Estonian authorities should strengthen the protection of women from violence, close the gender pay gap and uphold the rights of older people, according to a Council of Europe (CoE) report published on Friday.
The report, issued by CoE Commissioner for Human Rights, Dunja Mijatović, follows a visit to Estonia in June.
Noting significant progress in gender equality and adoption of legislation and policies, the Commissioner underscored the need for greater efforts in addressing gender stereotypes and prejudices.
Gender pay gap efforts needed
"The authorities should strengthen efforts to raise awareness about the negative impact of structural inequality between men and women, and support an education system able to promote gender equality throughout the country", the Commissioner said.
Authorities should take comprehensive measures to tackle the range of factors causing the rather notable gender pay gap, the report added.
While welcoming Estonia's adherence to the CoE Convention on preventing and combating violence against women and domestic violence (Istanbul Convention), violence against women also remains a pervasive human rights violation in Estonia, the report said.
More training of law enforcement authorities
The report recommended public campaigns against gender-based violence and domestic violence, together with effective responses from the law enforcement and the judicial system.
Continued training of law enforcement and judicial officials, strengthening legal assistance to victims, and teams of specialised prosecutors and judges to handle cases of gender-based violence should also take place, the report said.
Addressing societal and economic challenges arising from a rapidly ageing population, in a way that fully protects the human rights of older persons, is also paramount, according to the report.
Older persons' rights need improvement
The Commissioner encouraged authorities to develop a comprehensive strategy on older persons, such as adopting a stronger legal framework to combat discrimination in all fields of life, ensuring that older persons are aware of their human rights so that they can claim them, and conducting public awareness campaigns to combat prejudice, discrimination and stereotypes about older persons.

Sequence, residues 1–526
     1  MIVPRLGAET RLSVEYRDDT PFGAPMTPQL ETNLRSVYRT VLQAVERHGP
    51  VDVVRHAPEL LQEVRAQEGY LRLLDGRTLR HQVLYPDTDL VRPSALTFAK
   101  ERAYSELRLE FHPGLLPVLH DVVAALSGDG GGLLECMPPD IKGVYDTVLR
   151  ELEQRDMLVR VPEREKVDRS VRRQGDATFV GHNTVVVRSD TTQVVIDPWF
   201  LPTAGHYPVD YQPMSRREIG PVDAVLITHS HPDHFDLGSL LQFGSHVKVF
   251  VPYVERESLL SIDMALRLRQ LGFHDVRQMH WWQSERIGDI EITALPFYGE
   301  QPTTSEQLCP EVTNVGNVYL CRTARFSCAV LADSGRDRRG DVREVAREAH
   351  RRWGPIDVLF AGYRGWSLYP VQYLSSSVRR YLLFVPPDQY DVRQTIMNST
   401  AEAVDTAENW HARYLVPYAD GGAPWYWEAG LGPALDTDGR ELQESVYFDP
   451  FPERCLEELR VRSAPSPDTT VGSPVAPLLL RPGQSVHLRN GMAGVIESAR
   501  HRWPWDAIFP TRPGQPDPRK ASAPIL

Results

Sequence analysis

"I am particularly concerned about the very high rate of poverty among older persons in Estonia,'' the Commissioner said.
''The authorities must ensure that older persons can live in dignity and enjoy their human rights to health, food and an adequate standard of living, including by raising social protection floors, which are currently inadequate," the Commissioner continued.
The Commissioner also expressed concerns about the availability, organisation, cost and quality of long-term care services for older persons. In order to ensure their autonomy and well-being, the Commissioner invited the authorities to integrate in their upcoming Action Plan on long-term care a de-institutionalisation approach, which involves increasing home-based services and relocating elderly residents in smaller community-based living arrangements.
The Commissioner further recommended increasing support to informal carers, to ensure that their human rights are also respected.
Given Estonia's strong focus on digitalisation, new technologies and artificial intelligence (AI), the Commissioner urged the authorities to support and empower older persons in the use of information and communications technology, enabling them to exercise their right to participate in social and public life fully.
AI carries responsibilities too
As the Estonian authorities move forward with drafting a strategy and legislation on AI, careful consideration must however be given to the ethical, legal and human rights implications of using robots and AI in the care of older persons, the report stated.
Last, stressing the important contribution of national human rights structures in protecting the rights of citizens, the Commissioner recommended strengthening the independence of the Commissioner for Gender Equality and Equal Treatment and providing the office with sufficient and sustainable resources, so that it can effectively fulfil its mandate.
The Commissioner also welcomed the recent decision to designate the Chancellor of Justice in Estonia as the National Human Rights Institution.
The full report is available here.
The CoE is distinct from the European Union (EU). Formed in 1949, it is made up of 47 Member States. It is an official UN observer and membership of the CoE has been so far a prerequisite to joining the EU.
Editor: Andrew Whyte
Source: CoE Commissioner for Human Rights